There are two common methods of placing ants on points. The first is to place the point on the pin and then glue the ant to the upper surface of the point. The other method is to lay the ant on its back and then glue the point (without a pin) to the underside of the ant. Once the glue has dried, the point plus ant can then be turned upright and placed on a pin. The first method works satisfactorily for small ants but generally not for larger specimens. When placed on top of a point, larger specimens tend to tilt or even fall off before the glue can dry. Because of this, the second method is preferable, especially for large specimens, and is often used for small ants as well. With this method, the tip of the point can rest on the ant while its base rests on the table or microscope until the glue dries. This minimizes tilting of the specimen and results in a higher quality preparation.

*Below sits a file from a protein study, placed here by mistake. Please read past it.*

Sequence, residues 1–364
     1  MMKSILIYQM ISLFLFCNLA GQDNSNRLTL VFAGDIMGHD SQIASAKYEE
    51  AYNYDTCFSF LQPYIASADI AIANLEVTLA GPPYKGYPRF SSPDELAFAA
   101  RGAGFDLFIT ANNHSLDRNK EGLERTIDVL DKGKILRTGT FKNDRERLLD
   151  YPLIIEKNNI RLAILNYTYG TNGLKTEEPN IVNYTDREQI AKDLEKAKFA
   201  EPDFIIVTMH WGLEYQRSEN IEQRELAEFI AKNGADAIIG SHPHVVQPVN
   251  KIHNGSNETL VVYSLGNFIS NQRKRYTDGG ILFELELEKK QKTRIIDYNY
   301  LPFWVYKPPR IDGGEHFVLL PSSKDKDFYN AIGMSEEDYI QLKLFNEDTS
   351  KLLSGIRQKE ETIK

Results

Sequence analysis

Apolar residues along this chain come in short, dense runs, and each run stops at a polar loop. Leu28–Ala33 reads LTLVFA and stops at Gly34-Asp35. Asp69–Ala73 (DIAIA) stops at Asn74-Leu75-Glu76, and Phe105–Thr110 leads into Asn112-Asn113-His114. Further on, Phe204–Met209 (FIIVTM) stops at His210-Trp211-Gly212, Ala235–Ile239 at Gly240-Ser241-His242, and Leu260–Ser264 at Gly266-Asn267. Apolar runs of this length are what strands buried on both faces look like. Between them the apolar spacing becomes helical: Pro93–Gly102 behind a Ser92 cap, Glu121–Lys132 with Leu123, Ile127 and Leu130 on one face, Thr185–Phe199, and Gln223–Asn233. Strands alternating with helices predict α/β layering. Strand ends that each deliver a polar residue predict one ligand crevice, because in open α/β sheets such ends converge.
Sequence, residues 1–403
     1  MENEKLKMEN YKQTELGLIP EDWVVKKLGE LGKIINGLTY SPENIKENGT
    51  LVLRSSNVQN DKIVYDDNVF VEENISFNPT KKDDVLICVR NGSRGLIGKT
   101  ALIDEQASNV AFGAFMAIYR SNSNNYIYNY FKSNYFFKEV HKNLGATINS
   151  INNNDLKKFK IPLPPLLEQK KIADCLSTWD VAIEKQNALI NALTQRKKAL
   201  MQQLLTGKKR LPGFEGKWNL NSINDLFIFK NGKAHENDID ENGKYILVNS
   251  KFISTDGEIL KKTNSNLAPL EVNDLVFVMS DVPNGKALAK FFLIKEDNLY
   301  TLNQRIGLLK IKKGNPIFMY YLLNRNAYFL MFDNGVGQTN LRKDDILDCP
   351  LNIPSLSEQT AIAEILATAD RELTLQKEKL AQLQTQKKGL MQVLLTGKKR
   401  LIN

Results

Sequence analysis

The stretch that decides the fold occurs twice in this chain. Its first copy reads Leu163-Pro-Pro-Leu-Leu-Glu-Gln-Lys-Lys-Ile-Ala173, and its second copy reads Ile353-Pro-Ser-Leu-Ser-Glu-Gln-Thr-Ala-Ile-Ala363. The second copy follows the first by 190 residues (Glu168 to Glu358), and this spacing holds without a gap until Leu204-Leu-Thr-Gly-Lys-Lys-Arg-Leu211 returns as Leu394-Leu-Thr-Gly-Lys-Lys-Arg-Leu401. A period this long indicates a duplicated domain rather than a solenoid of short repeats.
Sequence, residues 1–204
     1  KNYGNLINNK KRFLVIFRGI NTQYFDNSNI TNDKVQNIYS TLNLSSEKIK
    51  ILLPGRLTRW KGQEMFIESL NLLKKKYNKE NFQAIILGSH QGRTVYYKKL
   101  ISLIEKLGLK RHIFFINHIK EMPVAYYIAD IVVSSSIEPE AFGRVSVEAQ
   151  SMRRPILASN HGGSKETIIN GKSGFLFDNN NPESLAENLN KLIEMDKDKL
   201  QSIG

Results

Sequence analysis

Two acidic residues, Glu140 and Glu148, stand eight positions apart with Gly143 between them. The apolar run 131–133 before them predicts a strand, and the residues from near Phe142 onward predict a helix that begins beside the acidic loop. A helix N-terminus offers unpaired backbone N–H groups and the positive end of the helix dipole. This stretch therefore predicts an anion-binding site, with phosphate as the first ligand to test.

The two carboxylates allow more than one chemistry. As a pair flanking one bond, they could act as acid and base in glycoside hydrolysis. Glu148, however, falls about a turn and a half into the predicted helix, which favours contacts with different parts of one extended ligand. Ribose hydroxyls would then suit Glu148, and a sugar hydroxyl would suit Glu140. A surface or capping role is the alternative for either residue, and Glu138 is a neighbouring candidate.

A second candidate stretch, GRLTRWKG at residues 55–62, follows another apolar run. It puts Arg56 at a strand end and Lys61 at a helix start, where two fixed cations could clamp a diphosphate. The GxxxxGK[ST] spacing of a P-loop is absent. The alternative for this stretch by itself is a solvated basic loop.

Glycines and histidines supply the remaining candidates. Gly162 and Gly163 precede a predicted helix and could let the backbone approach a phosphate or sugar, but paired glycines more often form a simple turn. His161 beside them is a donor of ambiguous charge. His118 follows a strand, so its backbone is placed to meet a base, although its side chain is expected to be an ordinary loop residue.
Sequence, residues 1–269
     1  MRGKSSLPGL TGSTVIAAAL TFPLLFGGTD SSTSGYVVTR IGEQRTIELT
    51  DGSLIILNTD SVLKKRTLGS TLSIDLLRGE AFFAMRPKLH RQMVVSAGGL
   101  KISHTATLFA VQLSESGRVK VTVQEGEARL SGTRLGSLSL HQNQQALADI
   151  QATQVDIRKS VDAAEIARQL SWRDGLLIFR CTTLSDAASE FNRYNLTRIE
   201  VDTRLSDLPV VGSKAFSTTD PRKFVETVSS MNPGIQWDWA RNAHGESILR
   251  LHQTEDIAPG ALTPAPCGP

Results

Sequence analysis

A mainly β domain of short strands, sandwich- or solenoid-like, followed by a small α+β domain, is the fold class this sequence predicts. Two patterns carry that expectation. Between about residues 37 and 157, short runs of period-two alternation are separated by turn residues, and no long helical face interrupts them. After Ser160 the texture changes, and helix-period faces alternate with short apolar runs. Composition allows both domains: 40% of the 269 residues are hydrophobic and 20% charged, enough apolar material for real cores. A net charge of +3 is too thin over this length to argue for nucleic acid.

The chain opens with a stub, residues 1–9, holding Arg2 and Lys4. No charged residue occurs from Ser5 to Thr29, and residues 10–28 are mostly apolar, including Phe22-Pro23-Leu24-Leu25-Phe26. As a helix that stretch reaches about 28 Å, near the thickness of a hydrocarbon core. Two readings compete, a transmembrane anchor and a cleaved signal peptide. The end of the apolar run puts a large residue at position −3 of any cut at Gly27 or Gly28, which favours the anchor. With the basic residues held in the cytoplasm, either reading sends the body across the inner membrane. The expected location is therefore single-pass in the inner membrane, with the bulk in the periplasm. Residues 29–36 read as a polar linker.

What to do

In summary, the most important things to remember when pointing ants are: Always use points and never directly pin ants. Use only enough water-soluble glue to hold the ant on the point without using so much that it covers the sides or upper parts of the specimen. Place the ant at the very tip of the point with the point covering the first segment of the middle and hind legs nearest the body. Keep the ant upright so that it is positioned on top of the point with the long axis of the body horizontal and at right-angles with the point, the upper surface of the body upwards and the length of the point towards the right side of the ant. Try to (very) gently pull the legs downward so that the outer surface of the body can be seen in side view and open the mandibles so that their inner margins are visible.